My new babies.......
That's really pretty. Where did you get the trellis panels?
They sell on line by bestnest.com and simplytrellises.com and are Dura-Trel Winchester Trellises. They are made to mount on a wall, but I liked them so I got them and mounted them on fence posts.
Well, it was a great idea. I have to come up with something for my Hawaiian Woodrose. The wide openings on this trellis would work.
When researching trellises ("trelli"?) awhile back, I read that you should not weave plants or vines through the holes in the trellis but rather just tie them onto it. That way, if the trellis ever needs to be replaced, you don't have to cut down (or unweave?!) the whole plant to get it off the old trellis. You can remove the plant from the old trellis, replace the trellis, and tie the plant onto the new one. I don't know how practical this advice is but thought I would pass it along. It is probably one of those things that is advisable for some plants, but not-so-much for others.
Carol in Jacksonville
I love the trellis. It might be a bit big for my needs... but then, my trellis might end up being a bit small. I'll have to bookmark those sites for future reference though.
As for the weaving of vines... I train my vines through the trellis. I figure if the trellis ends up needing to be replaced, I will prune back the vines to only a couple feet long each and then remove the old trellis. I would think that trying to retrain the entire vine onto a new trellis would be headache.
You might be right. The point of the article was, though, not to retrain the vine, but to just tie it back up. With almost any mature vine, this would be a two-person job, for sure.
I was reading mostly about trellising climbing roses. A lot of rose growers don't want to lose 15 feet of cane if the trellis needs to be replaced. But many other vining plants start over from the ground each year, anyway, so not much is lost if you have to prune them severely.
Another interesting point for anyone still reading, is that many vines need to be at least 45 degrees or more toward horizontal in order to generate blooms along the entire vine. Many climbing roses, if trellised directly upright (as often seen on either side of a front doorway), will only bloom at the very top. They will not bloom between the ground and the tips. The canes must be trained horizontally in order to develop lateral bud breaks that produce the blooms. This can be achieved by tying the canes around the vertical trellis instead of straight up.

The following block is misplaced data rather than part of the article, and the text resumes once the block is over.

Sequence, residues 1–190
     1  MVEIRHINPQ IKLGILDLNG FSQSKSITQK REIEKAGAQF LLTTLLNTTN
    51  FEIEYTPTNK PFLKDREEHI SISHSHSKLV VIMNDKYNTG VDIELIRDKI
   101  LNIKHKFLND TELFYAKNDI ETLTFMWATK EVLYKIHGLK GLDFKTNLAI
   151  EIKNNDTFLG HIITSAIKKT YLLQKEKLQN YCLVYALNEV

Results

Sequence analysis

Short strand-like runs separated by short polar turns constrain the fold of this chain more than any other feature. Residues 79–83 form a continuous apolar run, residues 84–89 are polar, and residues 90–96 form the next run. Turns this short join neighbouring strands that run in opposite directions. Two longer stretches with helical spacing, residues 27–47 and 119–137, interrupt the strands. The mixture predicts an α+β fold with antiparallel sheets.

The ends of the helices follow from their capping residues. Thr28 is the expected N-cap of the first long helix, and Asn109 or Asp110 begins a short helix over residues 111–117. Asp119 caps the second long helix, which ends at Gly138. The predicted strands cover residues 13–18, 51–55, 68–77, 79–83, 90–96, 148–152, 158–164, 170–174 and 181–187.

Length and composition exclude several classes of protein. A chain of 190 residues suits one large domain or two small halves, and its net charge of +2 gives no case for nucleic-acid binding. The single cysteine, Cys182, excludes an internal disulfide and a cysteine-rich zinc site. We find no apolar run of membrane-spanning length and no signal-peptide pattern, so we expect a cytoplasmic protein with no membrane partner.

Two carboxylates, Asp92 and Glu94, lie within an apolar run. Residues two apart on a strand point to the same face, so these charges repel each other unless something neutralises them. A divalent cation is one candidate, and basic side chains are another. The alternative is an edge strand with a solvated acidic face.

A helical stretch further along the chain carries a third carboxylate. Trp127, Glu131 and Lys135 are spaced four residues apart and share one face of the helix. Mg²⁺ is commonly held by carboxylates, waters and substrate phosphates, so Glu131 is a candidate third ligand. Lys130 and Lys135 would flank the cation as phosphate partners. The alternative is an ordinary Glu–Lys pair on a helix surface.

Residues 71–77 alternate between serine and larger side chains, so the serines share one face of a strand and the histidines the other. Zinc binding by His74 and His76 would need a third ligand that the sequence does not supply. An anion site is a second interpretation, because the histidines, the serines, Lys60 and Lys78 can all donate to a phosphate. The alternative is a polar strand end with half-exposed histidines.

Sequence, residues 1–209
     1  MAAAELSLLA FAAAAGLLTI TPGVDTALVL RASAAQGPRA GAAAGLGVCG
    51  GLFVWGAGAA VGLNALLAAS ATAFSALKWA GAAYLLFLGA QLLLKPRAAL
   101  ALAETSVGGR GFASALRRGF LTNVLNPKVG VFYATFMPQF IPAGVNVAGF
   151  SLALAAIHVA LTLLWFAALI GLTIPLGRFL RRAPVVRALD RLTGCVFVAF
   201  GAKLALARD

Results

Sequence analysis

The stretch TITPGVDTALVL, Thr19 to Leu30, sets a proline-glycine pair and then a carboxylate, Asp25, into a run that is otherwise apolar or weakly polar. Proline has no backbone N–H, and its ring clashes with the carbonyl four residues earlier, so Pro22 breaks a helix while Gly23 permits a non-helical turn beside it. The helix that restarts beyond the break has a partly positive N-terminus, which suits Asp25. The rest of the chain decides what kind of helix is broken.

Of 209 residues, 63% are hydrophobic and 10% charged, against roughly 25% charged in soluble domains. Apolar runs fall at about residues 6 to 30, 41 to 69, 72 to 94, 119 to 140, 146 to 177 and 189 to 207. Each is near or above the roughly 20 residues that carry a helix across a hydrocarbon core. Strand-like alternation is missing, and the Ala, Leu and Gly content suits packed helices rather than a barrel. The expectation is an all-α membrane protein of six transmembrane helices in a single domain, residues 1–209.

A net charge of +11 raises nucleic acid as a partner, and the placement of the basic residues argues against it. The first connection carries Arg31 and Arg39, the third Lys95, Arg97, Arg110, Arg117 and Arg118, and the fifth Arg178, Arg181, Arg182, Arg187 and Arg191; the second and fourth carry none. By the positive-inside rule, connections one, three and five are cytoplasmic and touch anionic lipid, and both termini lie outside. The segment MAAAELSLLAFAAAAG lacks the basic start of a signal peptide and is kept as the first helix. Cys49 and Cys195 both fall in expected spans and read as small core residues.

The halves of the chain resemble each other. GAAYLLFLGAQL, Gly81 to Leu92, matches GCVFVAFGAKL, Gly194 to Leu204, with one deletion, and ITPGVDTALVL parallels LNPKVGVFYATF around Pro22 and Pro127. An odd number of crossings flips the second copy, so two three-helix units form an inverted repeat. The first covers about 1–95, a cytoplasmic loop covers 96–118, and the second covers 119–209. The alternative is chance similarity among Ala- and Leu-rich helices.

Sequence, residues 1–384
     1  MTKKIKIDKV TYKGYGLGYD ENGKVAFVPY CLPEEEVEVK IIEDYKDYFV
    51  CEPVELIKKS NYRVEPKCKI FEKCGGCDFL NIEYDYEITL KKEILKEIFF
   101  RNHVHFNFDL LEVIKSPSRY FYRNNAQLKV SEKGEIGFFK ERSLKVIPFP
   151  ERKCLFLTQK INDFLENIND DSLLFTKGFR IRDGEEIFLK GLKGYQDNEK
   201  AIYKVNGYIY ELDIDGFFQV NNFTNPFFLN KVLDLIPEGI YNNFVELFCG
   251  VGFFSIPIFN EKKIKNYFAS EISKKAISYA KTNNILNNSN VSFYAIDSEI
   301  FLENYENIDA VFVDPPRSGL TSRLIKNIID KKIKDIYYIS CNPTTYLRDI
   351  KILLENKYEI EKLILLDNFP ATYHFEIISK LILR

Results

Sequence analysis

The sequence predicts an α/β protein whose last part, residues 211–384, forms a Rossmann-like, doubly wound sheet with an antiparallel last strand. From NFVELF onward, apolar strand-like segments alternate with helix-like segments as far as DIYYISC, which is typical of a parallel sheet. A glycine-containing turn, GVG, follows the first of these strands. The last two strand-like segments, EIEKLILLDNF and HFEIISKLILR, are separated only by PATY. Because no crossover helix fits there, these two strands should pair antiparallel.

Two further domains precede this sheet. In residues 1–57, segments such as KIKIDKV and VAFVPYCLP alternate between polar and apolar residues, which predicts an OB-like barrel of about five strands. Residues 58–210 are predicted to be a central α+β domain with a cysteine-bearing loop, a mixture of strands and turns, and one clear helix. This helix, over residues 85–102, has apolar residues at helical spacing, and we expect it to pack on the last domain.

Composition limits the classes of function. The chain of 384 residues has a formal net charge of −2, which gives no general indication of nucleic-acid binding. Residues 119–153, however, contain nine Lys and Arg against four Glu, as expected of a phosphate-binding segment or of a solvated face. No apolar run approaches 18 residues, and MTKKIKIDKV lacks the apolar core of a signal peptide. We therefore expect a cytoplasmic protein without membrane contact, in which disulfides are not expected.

Yeah, I'm not much of a rose person. I have one Tea Rose bush of some variety (maybe some day I will be curious enough to get the variety identified) that was given to me as a house warming gift and I have done my best to keep it looking good, but they're not exactly my cup of tea... rose. But while reading up on the care and pruning of my bush, I did learn about caring for the canes and yeah, I image if you have a vine type of rose cutting those down could take a while to 'recoup'.
My vines are all passiflora varieties and should grow back if they get cut low. I have even read people complaining that they can't get rid of them even after cutting to ground. Other vine types, such as grapes, that depend on old growth would probably also be negatively affected by having to be cut back and I could definitely see the tie-up method being preferable for those. Which has me now thinking of using as the tie-ups. Hmm...
That is three trellises placed side by side. It is tall though - 8 ft - because the creeper is a big plant. I wanted a rose too....but one must restrain one's self. :)
Good info, Carol
Tina, those trellises are AWSOME! Now I've got my fingers crossed your Double Rangoon will attract hummers, if so I'll be right behind you ;-)
that cute, little vine is going to take over the trellis, the palm, and anything else it can grab a hold of!! incredible blooms, but not easy to keep under control. enjoy! not sure if you saw the picture of it on our oak stump, and we freeze here:)
Thanks Tom!! Wallis I hear ya and the pruners are sharp and ready!
Another reason to tie the vine to the trellis is many times the vine are woody and quite thick as they age and might not fit in the holes. This trellis has large holes but others like lattis don't.
My rangoon is on an arbor and once a year I prune it hard to the woody part and let it grow back. That helps to keep it in check size wise.
What Carol was saying was true, when starting a new vine, it should be trained horizontal along the trellis. Then the new growth can be trained upward.
Also some vines are so woody they can be trained as small trees, like the allamandas.